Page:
Although the previous article doesn't describe, in any detail at all, how such a language would work, I believe that I've brought up some general contentions that will allow us to approach the problem of solving the meta-paradigm both from the engineering side and the UI side. For now, let's focus on what the properties of such a language would be.
Expression-Table: The Gender Fluid Data Type
In LISP, the program itself is the evaluation of a list that represents an expression. In such a way, I believe that there is a single "gender fluid" data type that can be used to conceptually encapsulate grammar rules, functions, classes, expressions, data structures, arrays, et al. This type would be a Table that is an expression that describes itself- not unlike a particle-wave duality. In C++, classes are originally programmed as vTables in C. A vTable just describes the linking of functions and variables within a table, from which special grammar can then be used to interact with those expressions. In a very genuine way, an object in C or C++ is analogous to a table in Lua or more generically as a Dictionary or hash-table (so long as functions are first-class data types). When we access a member of a class, what we're really doing is looking up an expression in a table whose key is the name of that member.
The following expressions are the same (Syntax is lua-like)-
Class.Member = Class.Subroutine(param);
Class['Member'] = Class['Subroutine'](param);
This works exactly the same way for functions. A pure function, that is one with no side-effects, has a 1-to-1 mapping of inputs and outputs. Is this not the same as creating an expression to describe the relationship of all key-value pairs in a hypothetical associative array? Dictionaries are then just functions whose key-value pairs are explicitly declared- this is also just an expression.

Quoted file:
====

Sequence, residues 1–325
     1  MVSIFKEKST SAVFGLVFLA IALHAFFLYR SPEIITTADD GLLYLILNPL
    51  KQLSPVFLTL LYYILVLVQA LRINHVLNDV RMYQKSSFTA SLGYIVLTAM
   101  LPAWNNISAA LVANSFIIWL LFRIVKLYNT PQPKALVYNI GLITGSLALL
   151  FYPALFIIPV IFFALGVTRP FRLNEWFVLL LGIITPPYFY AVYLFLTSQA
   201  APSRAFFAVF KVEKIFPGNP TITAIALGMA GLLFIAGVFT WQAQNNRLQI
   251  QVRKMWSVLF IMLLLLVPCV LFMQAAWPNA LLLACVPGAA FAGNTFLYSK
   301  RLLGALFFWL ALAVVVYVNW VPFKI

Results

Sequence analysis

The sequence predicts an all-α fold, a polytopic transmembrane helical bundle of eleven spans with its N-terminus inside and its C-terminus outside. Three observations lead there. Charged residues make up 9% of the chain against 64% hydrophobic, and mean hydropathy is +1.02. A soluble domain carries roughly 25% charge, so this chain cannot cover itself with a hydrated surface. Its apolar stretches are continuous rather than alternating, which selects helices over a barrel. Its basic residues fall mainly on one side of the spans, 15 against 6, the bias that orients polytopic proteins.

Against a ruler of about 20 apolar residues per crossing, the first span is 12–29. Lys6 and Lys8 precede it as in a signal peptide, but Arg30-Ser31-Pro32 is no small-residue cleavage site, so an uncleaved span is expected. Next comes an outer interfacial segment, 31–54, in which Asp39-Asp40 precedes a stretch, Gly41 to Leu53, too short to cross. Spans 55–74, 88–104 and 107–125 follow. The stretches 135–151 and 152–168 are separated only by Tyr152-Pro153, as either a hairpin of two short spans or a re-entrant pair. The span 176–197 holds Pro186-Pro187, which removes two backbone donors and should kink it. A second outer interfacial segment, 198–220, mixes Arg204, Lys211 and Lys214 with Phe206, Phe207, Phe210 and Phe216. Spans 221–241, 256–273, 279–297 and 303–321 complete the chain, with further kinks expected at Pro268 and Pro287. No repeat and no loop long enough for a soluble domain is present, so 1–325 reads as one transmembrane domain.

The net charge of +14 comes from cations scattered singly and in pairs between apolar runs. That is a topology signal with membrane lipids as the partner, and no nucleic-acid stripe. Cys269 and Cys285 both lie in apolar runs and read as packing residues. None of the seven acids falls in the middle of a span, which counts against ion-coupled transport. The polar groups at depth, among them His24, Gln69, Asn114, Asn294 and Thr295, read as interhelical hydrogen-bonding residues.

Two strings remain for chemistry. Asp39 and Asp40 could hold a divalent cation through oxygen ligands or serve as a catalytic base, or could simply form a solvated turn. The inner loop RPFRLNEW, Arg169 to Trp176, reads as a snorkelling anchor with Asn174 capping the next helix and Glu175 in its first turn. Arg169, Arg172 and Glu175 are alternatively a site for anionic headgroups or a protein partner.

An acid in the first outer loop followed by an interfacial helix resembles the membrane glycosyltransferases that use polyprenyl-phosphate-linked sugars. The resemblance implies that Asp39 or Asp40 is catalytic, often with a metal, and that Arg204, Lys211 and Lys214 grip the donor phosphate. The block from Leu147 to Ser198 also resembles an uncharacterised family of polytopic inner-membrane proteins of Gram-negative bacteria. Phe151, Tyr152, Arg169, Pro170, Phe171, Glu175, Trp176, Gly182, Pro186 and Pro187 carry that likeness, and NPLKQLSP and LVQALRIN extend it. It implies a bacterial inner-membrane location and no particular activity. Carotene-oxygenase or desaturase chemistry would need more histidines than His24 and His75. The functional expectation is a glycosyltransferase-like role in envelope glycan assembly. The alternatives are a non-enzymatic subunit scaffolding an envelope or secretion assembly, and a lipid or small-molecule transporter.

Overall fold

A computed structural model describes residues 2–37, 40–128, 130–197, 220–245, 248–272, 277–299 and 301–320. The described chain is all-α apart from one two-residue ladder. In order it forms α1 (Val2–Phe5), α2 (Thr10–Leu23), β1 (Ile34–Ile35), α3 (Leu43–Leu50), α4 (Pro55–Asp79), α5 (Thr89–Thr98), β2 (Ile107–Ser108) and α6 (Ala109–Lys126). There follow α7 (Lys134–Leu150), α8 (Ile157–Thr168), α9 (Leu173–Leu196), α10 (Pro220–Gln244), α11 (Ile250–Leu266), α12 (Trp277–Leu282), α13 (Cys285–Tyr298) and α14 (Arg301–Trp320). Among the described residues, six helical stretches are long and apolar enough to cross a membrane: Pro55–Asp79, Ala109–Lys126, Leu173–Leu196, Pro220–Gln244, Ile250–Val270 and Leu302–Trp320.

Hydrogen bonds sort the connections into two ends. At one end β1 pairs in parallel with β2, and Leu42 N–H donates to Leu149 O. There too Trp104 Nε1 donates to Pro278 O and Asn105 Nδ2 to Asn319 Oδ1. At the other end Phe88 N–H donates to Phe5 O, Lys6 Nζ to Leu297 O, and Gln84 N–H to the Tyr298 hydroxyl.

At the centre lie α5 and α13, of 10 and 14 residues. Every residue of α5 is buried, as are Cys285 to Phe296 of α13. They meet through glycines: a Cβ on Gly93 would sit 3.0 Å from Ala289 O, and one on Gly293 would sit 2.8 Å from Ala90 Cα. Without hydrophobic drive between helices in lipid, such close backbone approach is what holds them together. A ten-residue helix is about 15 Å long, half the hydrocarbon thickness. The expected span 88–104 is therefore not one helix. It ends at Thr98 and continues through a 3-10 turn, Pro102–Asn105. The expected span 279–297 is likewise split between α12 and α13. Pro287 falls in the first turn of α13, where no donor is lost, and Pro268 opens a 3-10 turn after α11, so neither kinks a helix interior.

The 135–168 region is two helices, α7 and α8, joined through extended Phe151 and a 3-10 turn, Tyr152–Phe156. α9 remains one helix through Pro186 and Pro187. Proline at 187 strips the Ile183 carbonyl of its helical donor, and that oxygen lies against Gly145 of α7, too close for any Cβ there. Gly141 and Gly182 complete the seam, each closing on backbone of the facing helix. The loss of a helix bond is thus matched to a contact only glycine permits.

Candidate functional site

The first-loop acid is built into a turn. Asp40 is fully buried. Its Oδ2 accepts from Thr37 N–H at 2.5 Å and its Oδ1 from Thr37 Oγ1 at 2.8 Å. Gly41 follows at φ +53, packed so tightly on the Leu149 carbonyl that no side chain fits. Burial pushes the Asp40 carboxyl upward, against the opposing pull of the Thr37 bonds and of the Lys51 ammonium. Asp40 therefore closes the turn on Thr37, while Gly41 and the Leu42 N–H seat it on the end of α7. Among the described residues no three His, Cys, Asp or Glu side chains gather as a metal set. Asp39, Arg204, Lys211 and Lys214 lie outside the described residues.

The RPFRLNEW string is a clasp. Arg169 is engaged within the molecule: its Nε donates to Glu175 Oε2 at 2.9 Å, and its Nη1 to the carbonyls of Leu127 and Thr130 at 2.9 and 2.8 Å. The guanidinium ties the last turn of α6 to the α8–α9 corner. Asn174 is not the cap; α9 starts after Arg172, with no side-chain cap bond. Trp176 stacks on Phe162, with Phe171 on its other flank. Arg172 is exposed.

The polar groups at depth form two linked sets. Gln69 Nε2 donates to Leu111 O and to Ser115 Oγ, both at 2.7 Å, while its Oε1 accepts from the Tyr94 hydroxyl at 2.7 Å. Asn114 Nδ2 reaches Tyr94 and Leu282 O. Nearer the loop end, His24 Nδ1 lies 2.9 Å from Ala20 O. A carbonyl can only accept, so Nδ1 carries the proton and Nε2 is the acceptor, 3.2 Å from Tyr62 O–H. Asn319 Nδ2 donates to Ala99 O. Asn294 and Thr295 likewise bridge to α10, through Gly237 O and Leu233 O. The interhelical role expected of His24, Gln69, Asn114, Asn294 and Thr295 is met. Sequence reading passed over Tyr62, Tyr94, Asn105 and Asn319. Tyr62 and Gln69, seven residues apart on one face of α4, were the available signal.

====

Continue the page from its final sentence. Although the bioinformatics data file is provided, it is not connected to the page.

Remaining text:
The difference between an associative array and a function is mainly appearance,
Class.Member = Class.Subroutine(param);
Class['Member'] = Class['Subroutine'][param]; --not like Lua
If we can conceptually think of all functions and types as expression-tables, then there is quite a lot of flexibility we can achieve. It's also important to realize that a program in such a language would also be an expression-table. The implications of this are very interesting- we can easily export the state of any program as a data structure, wrap programs within each other for sandboxing or exception handling, stream either routines or data across networks, and interface with databases in a very natural way. These sort of table-expressions can also function as a sort of file system- instead of everything is a file, everything is an expression-table. This design suggests a lot of unnecessary overhead, as can be the case in LISP. In a future article in the series I will talk about how such a paradigm can be engineered without generating any additional overhead. Right now I'm focusing on the UI and how a language should communicate its own functionality to the programmer. Obviously, at some point we need to be able to represent primitives. It's important to note that there aren't any primitives that are exceptional to this idea. Every last bit can also be thought of as an expression-table.
Tables as Scope
Scope is just a measure of what expressions are currently occupying the call stack. When we modify the value of a reference type in a function, we are cheating how scope should work*- this is usually to get around the limitation of a function returning a single type. Ideally, scope should sandbox an expression as a discrete processing chunk. In this way, all parameters or keys are value types and the evaluation of the expression, or the return value, is a table. If we want to modify by reference, it's more data-safe to pass by value and return a modified version that we bubble up to replace the originally passed parameter. For this reason (to become apparent later), it's important for an expression in a table to access, but not necessarily modify, its parent table. Through scoping mechanisms like this, we can engage in automatic memory management without running a garbage collector as a process. That is, scope implicitly defines how memory will be managed (which is partially true true for many languages already). This will be discussed in further detail when I get into the engineering-side.